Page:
7. The Aviator
Very few people have lives that have been so varied and so interesting that they actually do deserve biopics, but Howard Hughes is one of those few people. He was a filmmaker and a pilot and an inventor and a philanthropist and he had a severe case of OCD and eventually lost his mind. If that’s not worth making a movie about, then what is? The guy had such a wide-ranging life and there was so much stuff to cover and you’d have to go really deep into his flaws and his shortcomings, which a director with less talent than Martin Scorsese would totally screw up. But luckily, the story struck a chord with Scorsese and he made one of the most incredible biopics – or just movies in general, really – ever made.
6. The King of Comedy
Martin Scorsese is not a comedic director. He’s too interested in the human psyche and the criminal underworlds of America and the concept of Catholic guilt to throw all of that aside to make a screwball comedy. However, he can study interesting psychological and socio-political themes in a dark movie about comedy. The subject can be comedy. In The King of Comedy, Scorsese tackles society’s dangerous obsession with celebrities and the psychology of a man whose ambition doesn’t match his talent all in one movie. Robert De Niro’s portrayal of the lead role Rupert Pupkin is so weird and watchable, thanks to his dedication to the character, that it makes the whole unusual film more palatable.
5. The Wolf of Wall Street
When The Wolf of Wall Street was first announced, you may have been skeptical of Scorsese’s tonal approach to the material. He was making a biopic of one of the most morally corrupt stockbrokers who ever lived and he decided to mix his typical rise-and-fall storyline with R-rated raunchy comedy. The critics described this as “Goodfellas meets The Hangover.” It doesn’t sound like something that would work. But it did! That’s just the Wall Street lifestyle – it’s hookers and drugs and swearing and screwing around in the office with money to burn. Scorsese captured that perfectly, and combined with the committed performance from Leonardo DiCaprio, it resulted in one of the director’s most entertaining films, if not his finest or most poignant.
4. Raging Bull
Ever wondered how Martin Scorsese makes such terrific and timeless biopics? Well, it’s actually very simple. He whittles his subjects down the core of who they are, identifies their deepest flaw, and uses that to form a contemplative and layered character study. He never did that any more brilliantly than in Raging Bull, his film about the troubled life of Jake LaMotta, whose biggest flaw was jealousy that led to domestic violence against his wife and eventually his downfall. Scorsese’s decision to shoot in black and white made the film more raw and powerful, but it’s Robert De Niro’s committed performance as LaMotta that really makes the movie.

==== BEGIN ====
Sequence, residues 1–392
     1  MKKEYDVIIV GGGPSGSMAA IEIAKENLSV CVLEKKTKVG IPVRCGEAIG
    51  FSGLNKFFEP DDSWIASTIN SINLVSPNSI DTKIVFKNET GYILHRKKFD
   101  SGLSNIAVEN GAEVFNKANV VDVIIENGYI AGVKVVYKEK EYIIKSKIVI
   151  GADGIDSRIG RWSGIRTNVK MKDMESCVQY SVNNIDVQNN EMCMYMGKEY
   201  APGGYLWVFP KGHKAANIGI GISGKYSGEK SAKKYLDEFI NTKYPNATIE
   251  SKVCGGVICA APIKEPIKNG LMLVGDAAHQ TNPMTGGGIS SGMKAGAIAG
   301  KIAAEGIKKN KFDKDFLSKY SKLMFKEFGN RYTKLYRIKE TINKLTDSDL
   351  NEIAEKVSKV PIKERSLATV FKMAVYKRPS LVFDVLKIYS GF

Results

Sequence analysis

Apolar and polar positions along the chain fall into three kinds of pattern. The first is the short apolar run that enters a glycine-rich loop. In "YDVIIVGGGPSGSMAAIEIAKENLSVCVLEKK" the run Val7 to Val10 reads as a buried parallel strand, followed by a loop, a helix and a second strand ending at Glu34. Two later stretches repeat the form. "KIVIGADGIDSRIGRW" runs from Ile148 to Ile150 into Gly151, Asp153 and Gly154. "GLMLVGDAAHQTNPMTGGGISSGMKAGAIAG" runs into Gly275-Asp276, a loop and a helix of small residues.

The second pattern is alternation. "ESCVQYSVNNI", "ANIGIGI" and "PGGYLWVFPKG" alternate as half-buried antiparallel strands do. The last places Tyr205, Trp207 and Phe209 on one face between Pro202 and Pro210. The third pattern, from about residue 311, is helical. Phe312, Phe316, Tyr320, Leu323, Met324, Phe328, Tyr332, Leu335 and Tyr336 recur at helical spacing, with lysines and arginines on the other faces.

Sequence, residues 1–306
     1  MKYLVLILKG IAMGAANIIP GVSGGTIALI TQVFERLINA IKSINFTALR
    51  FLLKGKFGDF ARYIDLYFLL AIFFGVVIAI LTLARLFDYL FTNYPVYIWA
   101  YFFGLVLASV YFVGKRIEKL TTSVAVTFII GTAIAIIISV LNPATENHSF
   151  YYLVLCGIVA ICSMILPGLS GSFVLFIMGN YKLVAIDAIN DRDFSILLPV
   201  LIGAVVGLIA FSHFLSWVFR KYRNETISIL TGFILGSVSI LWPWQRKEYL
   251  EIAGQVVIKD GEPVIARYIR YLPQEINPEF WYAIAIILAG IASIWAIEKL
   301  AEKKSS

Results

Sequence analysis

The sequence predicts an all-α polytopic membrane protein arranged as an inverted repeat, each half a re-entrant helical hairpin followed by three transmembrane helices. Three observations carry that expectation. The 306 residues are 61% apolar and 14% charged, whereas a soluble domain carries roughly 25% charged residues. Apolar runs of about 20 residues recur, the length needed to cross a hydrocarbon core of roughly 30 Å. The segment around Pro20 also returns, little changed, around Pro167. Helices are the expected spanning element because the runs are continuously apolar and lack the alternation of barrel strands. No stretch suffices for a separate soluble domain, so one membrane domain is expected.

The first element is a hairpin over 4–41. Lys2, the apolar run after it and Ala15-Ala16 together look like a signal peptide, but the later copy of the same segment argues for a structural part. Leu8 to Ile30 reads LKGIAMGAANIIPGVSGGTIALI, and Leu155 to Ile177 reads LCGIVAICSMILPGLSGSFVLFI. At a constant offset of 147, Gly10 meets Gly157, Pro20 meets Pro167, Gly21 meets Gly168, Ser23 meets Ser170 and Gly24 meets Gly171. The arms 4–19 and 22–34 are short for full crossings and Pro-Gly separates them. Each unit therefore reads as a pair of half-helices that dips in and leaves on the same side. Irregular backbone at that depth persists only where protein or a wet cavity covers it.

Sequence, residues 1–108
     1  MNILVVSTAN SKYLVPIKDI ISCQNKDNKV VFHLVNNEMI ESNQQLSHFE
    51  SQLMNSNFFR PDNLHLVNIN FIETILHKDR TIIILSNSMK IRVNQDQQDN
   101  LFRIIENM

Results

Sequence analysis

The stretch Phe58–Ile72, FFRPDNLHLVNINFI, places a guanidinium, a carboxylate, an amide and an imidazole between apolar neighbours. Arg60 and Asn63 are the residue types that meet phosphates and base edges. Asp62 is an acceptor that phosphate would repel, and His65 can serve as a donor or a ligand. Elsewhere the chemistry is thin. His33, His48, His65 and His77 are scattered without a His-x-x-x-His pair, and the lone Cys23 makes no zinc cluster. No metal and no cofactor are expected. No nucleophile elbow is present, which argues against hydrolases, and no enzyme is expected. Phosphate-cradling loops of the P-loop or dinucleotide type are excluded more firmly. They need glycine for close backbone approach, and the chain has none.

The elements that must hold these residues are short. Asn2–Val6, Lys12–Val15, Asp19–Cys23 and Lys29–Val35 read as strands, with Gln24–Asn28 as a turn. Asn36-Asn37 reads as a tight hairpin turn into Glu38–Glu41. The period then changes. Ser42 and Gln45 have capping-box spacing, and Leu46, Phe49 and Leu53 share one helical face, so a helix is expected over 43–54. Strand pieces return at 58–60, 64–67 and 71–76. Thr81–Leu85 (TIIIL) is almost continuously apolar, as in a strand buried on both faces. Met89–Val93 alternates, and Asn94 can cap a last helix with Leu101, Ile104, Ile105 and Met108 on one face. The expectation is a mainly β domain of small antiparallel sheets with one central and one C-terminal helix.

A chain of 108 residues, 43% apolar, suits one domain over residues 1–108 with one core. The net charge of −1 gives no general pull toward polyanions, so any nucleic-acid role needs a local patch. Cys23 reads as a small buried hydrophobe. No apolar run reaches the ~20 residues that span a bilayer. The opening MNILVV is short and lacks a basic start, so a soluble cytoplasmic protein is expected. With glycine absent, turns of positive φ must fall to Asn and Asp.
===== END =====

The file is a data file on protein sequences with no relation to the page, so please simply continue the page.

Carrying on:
3. Mean Streets
Mean Streets was the third movie made by Martin Scorsese, but it feels like his debut feature, because it’s the first seriously Scorsese-ish picture. It’s the first one he did that was set in Little Italy and told the dark story of some criminals and really humanized them and dug deep into their relationships. And of course, it’s riddled with the theme of Catholic guilt. It was also the first of many collaborations between the director and both Robert De Niro and Harvey Keitel. This movie is brilliant. Scorsese had developed exactly what kind of movies he wanted to make and then crammed all those ideas and his own personal experiences from his upbringing into a script and took the moviegoing world by storm with it.
2. Taxi Driver
Martin Scorsese never made a Vietnam War movie. His films all reflect the paranoia and the rebellion of the time, but he never following in the footsteps of his other gritty contemporaries like Francis Ford Coppola and Stanley Kubrick and Oliver Stone and made a sweeping epic about the soldiers in ‘Nam. But he did make a movie about the psychological effect that the war had on its troops when they came back to the States. He did so by having an unstable, insomniac cab driver get outcast from society, roam through the streets of New York, become sickened by the crime and the degradation, and take justice into his own hands, armed with nothing but a Smith & Wesson Model 29 and the will to save a child prostitute. The film is a dark, gritty masterpiece, showing the height of Scorsese’s talent to combine an intimate character piece with a wider study of a serious social issue.
The Godfather may get touted as the greatest gangster film of all time, but Martin Scorsese’s Goodfellas is without a doubt the coolest gangster film of all time. Telling the true story of a mobster who ended up selling out his friends to save his family, Scorsese filled the movie with humor and fast cuts to keep it chugging along at a rapid rate. The voiceover narration smooths over the boring bits and all we’re left with are the most powerful moments. Ray Liotta is perfect for the lead role, while the supporting players Robert De Niro and Joe Pesci bring us sides of themselves that we’ve never seen before (De Niro as the calm and collected Jimmy Conway and Pesci as the psychotic and irrational Tommy DeVito). This movie deserves all the praise it gets – it’s Scorsese’s crowning masterpiece.